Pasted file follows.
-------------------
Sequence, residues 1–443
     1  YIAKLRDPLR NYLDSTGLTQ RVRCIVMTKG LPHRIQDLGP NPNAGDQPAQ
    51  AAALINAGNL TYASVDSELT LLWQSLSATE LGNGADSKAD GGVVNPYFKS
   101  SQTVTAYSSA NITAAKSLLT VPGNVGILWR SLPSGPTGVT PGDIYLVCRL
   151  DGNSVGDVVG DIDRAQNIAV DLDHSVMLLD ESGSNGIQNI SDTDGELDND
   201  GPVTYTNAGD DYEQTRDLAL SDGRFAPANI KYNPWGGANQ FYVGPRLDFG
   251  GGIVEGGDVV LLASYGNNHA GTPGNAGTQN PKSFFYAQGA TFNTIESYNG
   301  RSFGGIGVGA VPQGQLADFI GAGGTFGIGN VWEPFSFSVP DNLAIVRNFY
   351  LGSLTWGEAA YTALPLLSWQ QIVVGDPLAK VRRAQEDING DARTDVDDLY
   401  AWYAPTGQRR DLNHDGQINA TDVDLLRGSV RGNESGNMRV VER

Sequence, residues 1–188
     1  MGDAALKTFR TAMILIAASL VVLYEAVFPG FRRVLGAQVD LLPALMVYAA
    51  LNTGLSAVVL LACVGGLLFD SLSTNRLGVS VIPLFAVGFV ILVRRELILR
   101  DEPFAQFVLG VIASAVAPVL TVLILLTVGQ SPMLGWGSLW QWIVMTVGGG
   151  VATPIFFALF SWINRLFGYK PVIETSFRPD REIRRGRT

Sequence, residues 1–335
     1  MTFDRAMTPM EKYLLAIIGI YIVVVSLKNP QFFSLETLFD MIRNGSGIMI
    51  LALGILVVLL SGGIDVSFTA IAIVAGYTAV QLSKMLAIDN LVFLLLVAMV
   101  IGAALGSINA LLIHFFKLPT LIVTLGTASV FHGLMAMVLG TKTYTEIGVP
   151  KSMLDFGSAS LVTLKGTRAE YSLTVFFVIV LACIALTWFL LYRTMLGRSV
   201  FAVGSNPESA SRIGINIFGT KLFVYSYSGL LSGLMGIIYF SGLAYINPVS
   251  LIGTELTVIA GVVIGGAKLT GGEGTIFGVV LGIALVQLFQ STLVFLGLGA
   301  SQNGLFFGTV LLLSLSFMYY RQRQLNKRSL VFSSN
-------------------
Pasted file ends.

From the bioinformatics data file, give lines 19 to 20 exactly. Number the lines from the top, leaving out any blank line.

   101  IGAALGSINA LLIHFFKLPT LIVTLGTASV FHGLMAMVLG TKTYTEIGVP
   151  KSMLDFGSAS LVTLKGTRAE YSLTVFFVIV LACIALTWFL LYRTMLGRSV